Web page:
They paved paradise…And put up a parking lot…With a pink hotel, a boutique…And a swinging hot spot…Don’t it always seem to go…That you don’t know what you’ve got ‘til it’s gone — Joni Mitchell, “Big Yellow Taxi,” 1970
One is often at a loss to explain California to people from other planets—like, say, earth. This is a state that issues mandates for electrification of everything while reducing its generating capacity. It blames devastating fires on climate change, without taking the blame for forestry practices that helped make the seasonal fires much worse. In California, pot is legal, but owning a car with a gas engine, however clean, may soon not be, and climate skeptics of any stripe face opprobrium, consignment to obscurity, and—if they have assets—court dates.
To understand how a state could adopt what often seem insane policies, impoverishing its people while claiming the mantle of social justice, you need to consult the state’s unique history. California is just not like other places, and you won’t get anywhere without understanding that. With few navigable rivers and a lack of water near its coast and fertile valleys, the state largely engineered its own rise. “Science is the mother of California,” said the University of California’s second president, Daniel Coit Gilman. Largely dominated by desert, flammable dry chaparral and high mountains, California depended on bringing water to its bone-dry coast, tapping electricity from distant dams, and accommodating a massive influx of new residents with largely suburban housing.
The state’s rapid population growth from 1.5 million in 1900 to nearly 40 million today placed enormous strains on its natural systems. During the Gold Rush, mining practices devastated the Mother Lode country and poisoned the rivers. In the rest of the state, natural scrubland was converted first into farms, then into housing tracts, wiping out whole ecosystems. Those who grew up here, from Jerry Brown to Joni Mitchell, or who have lived here long, like this writer—nearly a half-century resident—have witnessed immense changes. We’ve seen the citrus orchards all but vanish from the coast, the massive 1969 Santa Barbara oil spill, ever-more suffocating traffic congestion, and the densification of many communities. It’s hard not to harken back to “better times” when the grove near your house is now a Target.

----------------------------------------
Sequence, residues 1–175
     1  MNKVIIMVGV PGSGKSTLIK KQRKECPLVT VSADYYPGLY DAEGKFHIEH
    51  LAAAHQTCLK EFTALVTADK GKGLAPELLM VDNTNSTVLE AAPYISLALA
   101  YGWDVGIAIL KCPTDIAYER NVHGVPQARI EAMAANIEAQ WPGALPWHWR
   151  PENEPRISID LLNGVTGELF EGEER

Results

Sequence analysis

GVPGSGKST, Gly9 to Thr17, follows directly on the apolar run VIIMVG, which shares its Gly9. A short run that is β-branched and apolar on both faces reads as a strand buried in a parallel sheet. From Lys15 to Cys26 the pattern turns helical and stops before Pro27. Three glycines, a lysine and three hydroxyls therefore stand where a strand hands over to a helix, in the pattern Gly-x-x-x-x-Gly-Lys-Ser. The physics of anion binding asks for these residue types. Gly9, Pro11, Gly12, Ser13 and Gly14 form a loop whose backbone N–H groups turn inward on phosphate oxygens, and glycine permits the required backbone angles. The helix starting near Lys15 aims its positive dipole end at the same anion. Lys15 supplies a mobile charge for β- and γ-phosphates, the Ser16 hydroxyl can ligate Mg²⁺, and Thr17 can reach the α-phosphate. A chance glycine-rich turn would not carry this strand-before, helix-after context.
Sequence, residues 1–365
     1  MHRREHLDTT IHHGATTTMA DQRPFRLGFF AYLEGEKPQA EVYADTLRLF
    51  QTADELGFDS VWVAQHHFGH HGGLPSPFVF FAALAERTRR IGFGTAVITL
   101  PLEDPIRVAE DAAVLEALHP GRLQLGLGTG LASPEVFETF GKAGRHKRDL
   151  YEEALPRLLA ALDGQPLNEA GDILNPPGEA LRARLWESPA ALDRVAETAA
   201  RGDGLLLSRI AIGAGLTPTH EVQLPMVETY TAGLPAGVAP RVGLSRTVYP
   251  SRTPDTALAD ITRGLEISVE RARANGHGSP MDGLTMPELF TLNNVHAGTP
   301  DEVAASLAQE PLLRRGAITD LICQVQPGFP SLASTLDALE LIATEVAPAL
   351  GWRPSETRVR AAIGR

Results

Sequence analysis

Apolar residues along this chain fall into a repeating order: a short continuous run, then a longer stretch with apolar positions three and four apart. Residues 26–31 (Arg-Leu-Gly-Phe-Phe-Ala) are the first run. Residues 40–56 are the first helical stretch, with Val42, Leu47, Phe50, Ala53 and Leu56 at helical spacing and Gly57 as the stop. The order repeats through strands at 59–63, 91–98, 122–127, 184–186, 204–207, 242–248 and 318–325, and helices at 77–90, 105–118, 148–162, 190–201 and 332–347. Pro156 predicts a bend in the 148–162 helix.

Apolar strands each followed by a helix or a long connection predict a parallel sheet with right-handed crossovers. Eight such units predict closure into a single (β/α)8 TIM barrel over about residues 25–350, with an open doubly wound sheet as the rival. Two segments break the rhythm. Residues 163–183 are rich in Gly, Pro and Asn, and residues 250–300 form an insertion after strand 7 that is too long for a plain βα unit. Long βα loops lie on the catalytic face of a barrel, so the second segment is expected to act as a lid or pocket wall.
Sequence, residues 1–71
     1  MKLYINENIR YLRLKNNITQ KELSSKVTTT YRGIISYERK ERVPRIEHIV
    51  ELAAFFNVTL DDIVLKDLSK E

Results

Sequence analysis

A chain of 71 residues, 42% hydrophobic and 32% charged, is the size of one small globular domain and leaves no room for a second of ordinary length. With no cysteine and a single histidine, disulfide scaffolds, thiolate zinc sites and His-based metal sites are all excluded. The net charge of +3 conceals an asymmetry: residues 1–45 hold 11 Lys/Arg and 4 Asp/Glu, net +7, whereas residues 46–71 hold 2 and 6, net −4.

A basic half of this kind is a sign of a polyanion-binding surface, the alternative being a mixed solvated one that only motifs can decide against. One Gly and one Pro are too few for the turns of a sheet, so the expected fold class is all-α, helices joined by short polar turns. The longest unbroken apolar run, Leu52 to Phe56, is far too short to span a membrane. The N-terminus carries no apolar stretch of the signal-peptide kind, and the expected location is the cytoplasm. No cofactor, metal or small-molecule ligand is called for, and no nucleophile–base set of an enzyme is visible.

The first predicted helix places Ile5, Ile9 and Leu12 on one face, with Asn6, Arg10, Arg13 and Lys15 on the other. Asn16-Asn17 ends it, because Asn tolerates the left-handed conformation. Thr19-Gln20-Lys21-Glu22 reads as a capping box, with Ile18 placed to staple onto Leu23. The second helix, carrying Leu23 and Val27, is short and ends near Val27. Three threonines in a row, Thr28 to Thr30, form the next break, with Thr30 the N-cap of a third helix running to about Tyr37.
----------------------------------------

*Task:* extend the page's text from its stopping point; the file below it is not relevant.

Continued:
Still, where these real challenges, along with concerns over climate change, might have encouraged constructive solutions, they have instead metastasized the apocalyptic side of modern environmentalism. Predictably, The New York Times suggests that California is “ground zero for climate disasters,” while the Los Angeles Times claims that California now fights not just fires and droughts but “climate despair.” A letter to the editor insists that the state is already “a climate change hell,” a logical conclusion to reach, judging by media coverage of the recent fires. That voice of establishment reasoning, the Council on Foreign Relations, helpfully chimes in that “California is a Preview of Climate Change’s Devastation for the Entire World.”
In California, we appear to have made the transition from awesome to awful.
The Origins of Environmental Politics
The “pastoral ideal,” historian Leo Marx noted, “has been used to define the meaning of America ever since the age of discovery.” Initially, it reflected the Jeffersonian vision of a nation of farmers, but gained adherents among the gentry in the rapidly developing industrial areas of New England, New York, and the Hudson Valley.
Modern environmentalism, though, is largely a California product. To some, particularly the ecological Left, environmental rapine is to California what the legacy of slavery has been to the South.
In a state where the frontier closed quickly, and wilderness confronted the consequences of extraordinarily rapid growth, the well-born sought ways to preserve something of our spectacular natural state. The Sierra Club, still the leading environmental lobby, gained prominence campaigning early in the last century against the flooding of Hetch Hetchy Valley in Yosemite to supply water to largely waterless San Francisco. This struggle presaged an almost endless succession of battles across the state over land use, energy, and water development. When the Sierra Club’s solutions seemed too tame, the Friends of Earth, also founded in San Francisco, rose to fill the gap, establishing a pattern of steady radicalization.
In their early days, California greens were largely conservationist, with a bipartisan base of affluent suburban homeowners, mostly in the coastal areas, who looked askance at development closing in on their once-pristine neighborhoods. By the late 1960s, however, greens increasingly embraced often-hysterical scenarios of a dystopian future. Stanford’s Paul Ehrlich published The Population Bomb in 1968, forging a deep impression with its predictions of starvation on a global scale. Inspired by Rachel Carson’s 1962 Silent Spring, others worried, sometimes justifiably, about the effects of pesticides, the speculated-upon environmental causes of cancer, and potential disasters from nuclear power.
Read the rest of this piece at Real Clear Energy.
Joel Kotkin is the author of The Coming of Neo-Feudalism: A Warning to the Global Middle Class. He is the Presidential Fellow in Urban Futures at Chapman University and Executive Director for Urban Reform Institute. Learn more at joelkotkin.com and follow him on Twitter @joelkotkin.